Creative writing grad, author pockets another top writing award

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Photo of Melinda Moustakis.

Moustakis

KALAMAZOO—A graduate of Western Michigan University's doctoral program in creative writing has another award to add to her growing collection.

The literary journal The Kenyon Review has named Melinda Moustakis a Kenyon Review Fellow. The budding author can add her latest accolade to her other accomplishments, which include a Flannery O'Connor Award for Short Fiction for her book "Bear Down, Bear North: Alaska Stories" and recognition from the National Book Foundation in 2011 as one of its 5 Under 35 award winners.

About the Kenyon Review Fellows

In 2012, The Kenyon Review welcomed the first of its KR Fellows. The initiative was inspired by the great tradition of Kenyon Review literary fellowships awarded in the 1950s to writers such as Flannery O'Connor and W.S. Merwin in their formative years. These fellowships represent a significant fulfillment of one aspect of the journal's continuing mission: to recognize, publish and support extraordinary authors in the early stages of their careers.

This two-year, post-graduate residential fellowship at Kenyon College offers qualified individuals time to develop as writers, teachers and editors. Fellows receive a $32,500 stipend, plus health benefits. After two years, it is anticipated that KR Fellows will be more mature and sophisticated writers, teachers and editors. As a result, they will be extremely attractive candidates for academic positions as well as for significant publishing opportunities.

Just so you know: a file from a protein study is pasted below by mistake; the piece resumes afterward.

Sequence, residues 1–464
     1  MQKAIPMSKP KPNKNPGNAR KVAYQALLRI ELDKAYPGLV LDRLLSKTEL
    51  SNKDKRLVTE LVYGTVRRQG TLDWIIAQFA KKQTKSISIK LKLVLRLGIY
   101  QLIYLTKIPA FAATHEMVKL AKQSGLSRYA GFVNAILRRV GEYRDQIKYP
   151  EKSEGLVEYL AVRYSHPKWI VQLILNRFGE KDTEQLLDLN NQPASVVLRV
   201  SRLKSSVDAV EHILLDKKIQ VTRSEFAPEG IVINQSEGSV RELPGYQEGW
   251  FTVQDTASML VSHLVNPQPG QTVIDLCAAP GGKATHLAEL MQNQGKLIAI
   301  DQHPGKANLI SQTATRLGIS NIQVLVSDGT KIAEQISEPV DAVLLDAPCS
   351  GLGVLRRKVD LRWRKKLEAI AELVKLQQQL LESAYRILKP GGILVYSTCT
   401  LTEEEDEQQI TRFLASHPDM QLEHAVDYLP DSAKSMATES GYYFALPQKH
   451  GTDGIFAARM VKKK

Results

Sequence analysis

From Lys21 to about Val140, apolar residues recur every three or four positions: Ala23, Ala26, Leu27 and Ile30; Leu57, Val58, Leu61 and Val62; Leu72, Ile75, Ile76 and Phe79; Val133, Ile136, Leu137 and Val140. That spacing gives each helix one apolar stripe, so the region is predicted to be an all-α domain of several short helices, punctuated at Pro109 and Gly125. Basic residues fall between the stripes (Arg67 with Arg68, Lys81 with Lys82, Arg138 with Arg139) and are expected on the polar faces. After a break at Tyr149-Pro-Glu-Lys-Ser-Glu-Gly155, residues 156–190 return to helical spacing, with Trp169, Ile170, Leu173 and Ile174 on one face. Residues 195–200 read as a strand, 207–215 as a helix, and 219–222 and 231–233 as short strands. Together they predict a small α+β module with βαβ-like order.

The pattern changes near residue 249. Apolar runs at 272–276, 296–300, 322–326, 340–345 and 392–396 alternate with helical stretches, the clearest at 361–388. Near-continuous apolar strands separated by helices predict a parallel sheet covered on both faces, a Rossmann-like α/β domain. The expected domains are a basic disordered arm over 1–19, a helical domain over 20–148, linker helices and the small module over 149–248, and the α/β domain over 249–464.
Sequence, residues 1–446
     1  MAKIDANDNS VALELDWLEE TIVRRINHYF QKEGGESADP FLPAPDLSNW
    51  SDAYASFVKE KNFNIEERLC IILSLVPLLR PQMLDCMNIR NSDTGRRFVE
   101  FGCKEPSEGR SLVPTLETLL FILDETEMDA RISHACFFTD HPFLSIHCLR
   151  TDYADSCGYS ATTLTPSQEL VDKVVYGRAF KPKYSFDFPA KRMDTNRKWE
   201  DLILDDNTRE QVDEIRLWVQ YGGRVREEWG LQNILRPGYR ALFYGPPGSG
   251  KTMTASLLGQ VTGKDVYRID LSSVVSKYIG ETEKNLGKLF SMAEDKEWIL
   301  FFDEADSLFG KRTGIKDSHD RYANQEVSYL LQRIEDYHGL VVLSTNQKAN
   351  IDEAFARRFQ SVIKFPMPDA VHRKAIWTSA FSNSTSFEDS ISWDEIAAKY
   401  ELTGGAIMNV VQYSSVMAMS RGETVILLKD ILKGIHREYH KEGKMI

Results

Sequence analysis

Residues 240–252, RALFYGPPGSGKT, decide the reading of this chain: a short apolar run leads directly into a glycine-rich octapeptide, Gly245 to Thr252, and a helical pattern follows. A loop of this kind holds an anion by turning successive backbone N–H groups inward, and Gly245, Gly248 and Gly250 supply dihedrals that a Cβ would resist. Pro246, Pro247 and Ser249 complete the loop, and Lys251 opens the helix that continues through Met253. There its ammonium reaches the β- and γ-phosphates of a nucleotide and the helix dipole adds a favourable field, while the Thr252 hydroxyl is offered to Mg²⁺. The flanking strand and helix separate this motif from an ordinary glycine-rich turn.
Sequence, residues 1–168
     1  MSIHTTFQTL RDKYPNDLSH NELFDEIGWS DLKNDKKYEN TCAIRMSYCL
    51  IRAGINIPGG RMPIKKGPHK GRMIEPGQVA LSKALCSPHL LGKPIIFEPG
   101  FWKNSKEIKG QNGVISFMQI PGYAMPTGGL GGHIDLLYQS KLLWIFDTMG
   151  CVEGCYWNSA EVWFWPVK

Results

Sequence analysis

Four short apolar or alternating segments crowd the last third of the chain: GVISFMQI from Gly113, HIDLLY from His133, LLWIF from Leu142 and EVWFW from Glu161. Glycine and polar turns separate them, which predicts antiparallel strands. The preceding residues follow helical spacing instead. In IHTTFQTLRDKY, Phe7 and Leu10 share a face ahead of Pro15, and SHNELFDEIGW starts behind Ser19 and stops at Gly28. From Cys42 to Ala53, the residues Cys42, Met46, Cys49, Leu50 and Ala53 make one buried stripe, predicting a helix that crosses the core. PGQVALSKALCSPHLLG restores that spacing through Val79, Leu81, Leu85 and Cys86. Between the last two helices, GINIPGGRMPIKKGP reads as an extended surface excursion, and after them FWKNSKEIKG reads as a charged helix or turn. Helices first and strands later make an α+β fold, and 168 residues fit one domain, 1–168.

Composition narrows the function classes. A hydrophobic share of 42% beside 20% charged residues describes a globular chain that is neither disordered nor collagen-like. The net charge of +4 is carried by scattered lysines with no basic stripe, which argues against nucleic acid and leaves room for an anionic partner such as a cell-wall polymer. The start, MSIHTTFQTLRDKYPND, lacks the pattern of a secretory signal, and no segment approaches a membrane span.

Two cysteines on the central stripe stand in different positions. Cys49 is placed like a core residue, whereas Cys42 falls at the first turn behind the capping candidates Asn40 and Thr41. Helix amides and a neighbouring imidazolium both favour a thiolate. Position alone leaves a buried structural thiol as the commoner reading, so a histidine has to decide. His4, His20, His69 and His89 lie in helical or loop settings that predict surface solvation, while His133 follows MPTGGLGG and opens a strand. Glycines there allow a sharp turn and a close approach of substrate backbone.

Melinda Moustakis

Moustakis was born in Fairbanks, Alaska, and raised in California. Before entering the WMU doctoral program, she earned her master's degree in English and creative writing from the University of California, Davis. "Bear Down Bear North" also won the Maurice Prize in fiction. Her work has appeared in Alaska Quarterly Review, American Short Fiction, The Kenyon Review and elsewhere. She was a Hodder Fellow at Princeton University and received a 2014 National Endowment for the Arts Literature Fellowship in Fiction. Her story, "They Find the Drowned," won a 2013 PEN/O. Henry Prize.